August 1942 - Philippine Supreme Court Decisions/Resolutions
Philippine Supreme Court Jurisprudence
Philippine Supreme Court Jurisprudence > Year 1942 > August 1942 Decisions > G.R. Nos. 48799 & 48800 August 26, 1942 - PEOPLE OF THE PHIL. v. JOSE A. BARRETTO
073 Phil 657:
073 Phil 657:
[G.R. Nos. 48799 & 48800. August 26, 1942.]
THE PEOPLE OF THE PHILIPPINES, Plaintiff-Appellee, v. JOSE A. BARRETTO, Defendant-Appellant.
Jesus Ocampo, for Appellant.
Assistant Solicitor-General Mañalac and Solicitor Avanceña, for Appellee.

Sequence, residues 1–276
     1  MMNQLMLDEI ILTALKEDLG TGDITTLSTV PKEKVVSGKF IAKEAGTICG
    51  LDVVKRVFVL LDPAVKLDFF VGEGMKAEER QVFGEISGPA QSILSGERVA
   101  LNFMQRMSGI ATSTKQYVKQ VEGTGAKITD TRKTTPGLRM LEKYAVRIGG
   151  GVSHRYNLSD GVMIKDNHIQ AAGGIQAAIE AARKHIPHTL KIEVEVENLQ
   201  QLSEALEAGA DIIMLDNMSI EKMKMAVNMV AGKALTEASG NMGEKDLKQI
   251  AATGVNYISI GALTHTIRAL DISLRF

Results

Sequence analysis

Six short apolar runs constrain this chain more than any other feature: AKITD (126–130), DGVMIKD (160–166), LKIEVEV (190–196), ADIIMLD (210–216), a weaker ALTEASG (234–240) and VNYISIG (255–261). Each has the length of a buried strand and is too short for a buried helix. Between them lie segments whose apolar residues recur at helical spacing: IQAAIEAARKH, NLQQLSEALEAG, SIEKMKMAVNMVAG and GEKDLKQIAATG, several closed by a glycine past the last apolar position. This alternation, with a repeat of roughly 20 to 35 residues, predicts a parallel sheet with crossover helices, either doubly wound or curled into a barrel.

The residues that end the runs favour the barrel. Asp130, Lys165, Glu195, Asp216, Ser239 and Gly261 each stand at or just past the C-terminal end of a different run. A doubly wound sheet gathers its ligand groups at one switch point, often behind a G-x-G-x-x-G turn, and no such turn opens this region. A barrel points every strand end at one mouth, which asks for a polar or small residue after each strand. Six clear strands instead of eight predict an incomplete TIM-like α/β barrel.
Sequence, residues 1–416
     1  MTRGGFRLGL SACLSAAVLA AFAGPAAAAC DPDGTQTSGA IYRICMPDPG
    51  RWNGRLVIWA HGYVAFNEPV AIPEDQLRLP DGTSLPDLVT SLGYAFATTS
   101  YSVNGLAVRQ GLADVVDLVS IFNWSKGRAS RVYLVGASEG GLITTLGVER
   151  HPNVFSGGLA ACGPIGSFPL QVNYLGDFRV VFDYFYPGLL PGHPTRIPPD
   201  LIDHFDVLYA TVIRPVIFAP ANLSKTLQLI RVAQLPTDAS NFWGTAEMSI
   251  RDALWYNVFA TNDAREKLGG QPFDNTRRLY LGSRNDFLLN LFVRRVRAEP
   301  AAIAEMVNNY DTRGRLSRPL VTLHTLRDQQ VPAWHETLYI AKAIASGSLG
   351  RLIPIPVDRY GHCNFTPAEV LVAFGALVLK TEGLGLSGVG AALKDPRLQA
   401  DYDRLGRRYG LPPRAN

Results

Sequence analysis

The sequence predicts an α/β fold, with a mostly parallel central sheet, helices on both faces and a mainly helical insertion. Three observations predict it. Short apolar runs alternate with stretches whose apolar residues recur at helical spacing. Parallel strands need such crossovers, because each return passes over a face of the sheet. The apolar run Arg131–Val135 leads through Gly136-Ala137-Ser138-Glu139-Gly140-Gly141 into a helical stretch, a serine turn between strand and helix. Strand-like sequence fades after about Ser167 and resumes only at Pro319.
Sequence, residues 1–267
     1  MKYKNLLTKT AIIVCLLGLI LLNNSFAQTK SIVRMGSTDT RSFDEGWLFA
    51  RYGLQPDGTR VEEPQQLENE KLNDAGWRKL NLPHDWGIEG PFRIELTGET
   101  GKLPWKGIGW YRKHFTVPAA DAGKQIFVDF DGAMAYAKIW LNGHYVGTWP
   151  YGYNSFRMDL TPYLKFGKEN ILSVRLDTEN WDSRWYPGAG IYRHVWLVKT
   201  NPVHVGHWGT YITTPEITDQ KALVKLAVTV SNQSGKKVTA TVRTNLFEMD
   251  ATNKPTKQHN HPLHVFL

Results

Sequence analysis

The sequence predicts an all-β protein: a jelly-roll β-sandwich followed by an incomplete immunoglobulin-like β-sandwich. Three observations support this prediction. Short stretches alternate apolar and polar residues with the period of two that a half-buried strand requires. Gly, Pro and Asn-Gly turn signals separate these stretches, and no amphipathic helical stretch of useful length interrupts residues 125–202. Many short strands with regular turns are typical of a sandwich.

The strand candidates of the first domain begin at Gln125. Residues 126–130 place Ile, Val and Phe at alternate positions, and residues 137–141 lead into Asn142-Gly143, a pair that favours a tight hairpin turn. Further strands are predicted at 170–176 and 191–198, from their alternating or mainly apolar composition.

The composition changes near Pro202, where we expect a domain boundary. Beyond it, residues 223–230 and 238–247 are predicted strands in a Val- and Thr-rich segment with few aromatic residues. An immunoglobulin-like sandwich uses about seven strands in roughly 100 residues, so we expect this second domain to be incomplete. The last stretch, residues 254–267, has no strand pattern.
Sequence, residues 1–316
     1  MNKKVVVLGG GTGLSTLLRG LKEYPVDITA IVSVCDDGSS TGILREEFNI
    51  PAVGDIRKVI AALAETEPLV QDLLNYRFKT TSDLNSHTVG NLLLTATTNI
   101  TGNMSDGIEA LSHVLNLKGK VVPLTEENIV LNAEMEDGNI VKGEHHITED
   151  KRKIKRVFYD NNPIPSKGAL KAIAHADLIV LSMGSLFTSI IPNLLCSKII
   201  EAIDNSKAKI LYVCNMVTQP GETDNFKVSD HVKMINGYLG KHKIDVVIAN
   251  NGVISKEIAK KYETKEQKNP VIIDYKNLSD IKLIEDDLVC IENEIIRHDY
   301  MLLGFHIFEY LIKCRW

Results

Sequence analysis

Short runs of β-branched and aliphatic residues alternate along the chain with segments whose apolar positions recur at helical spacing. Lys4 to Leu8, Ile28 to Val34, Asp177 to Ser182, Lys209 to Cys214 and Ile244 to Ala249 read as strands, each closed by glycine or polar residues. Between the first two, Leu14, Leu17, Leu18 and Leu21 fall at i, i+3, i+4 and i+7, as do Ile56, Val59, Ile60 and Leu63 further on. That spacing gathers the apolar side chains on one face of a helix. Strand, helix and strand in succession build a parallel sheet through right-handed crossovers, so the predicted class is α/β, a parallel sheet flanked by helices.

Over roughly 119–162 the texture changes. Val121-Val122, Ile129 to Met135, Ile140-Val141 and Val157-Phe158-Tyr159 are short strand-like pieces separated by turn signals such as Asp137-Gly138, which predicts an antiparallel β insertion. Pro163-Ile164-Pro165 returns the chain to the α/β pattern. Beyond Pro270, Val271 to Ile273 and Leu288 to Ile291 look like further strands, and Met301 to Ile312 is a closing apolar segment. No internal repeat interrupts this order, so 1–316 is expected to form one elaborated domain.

1. CRIMINAL LAW, SECTIONS 1453 AND 1463 IN CONNECTION WITH SECTION 2722 OF REVISED ADMINISTRATIVE CODE AS AMENDED; SECTIONS 1458 AND 1466 IN CONNECTION WITH SECTION 2723 OF SAME CODE; WHEN A PERSON IS DEEMED A "SALARIED EMPLOYEE" OR A "BONA FIDE EMPLOYEE" AND NOT A COMMERCIAL BROKER. — Defendant herein may be properly considered a "salaried employee" or a "bona fide employee" within the purview of section 1465, paragraph (x) of the Revised Administrative Code and section 194 of the New National Internal Revenue Code. The fact that he received a commission in addition to his salary did not necessarily make him a "commercial broker" because this is a well-known practice in the business world by way of incentive for employees to efficient salesmanship. Moreover, his having been given a bonus for special services and also a gasoline allowance is indicative of his being an employee of the Luneta Motor Company. An independent commercial broker does not ordinarily receive these privileges from the merchants for whom he finds buyers or sellers. Furthermore the defendant sold cars for only one automobile dealer, the Luneta Motor Company. Though this circumstance is not an infallible criterion of the status of an employee, it is nevertheless a strong evidence thereof. Finally, the trial court found that the accused "had to work during office hours at the Luneta Motor Company in the capacity of an employee and whose obligation it was to sell automobiles . . . for the said entity, Luneta Motor Company, with a salary . . . and receiving in addition a commission . . . ." From this finding, it is clear that the defendant was a regular employee of the Luneta Motor Company, having to keep regular office hours at the establishment of the employer; and that he received his compensation as such employee in the form of salary and commission.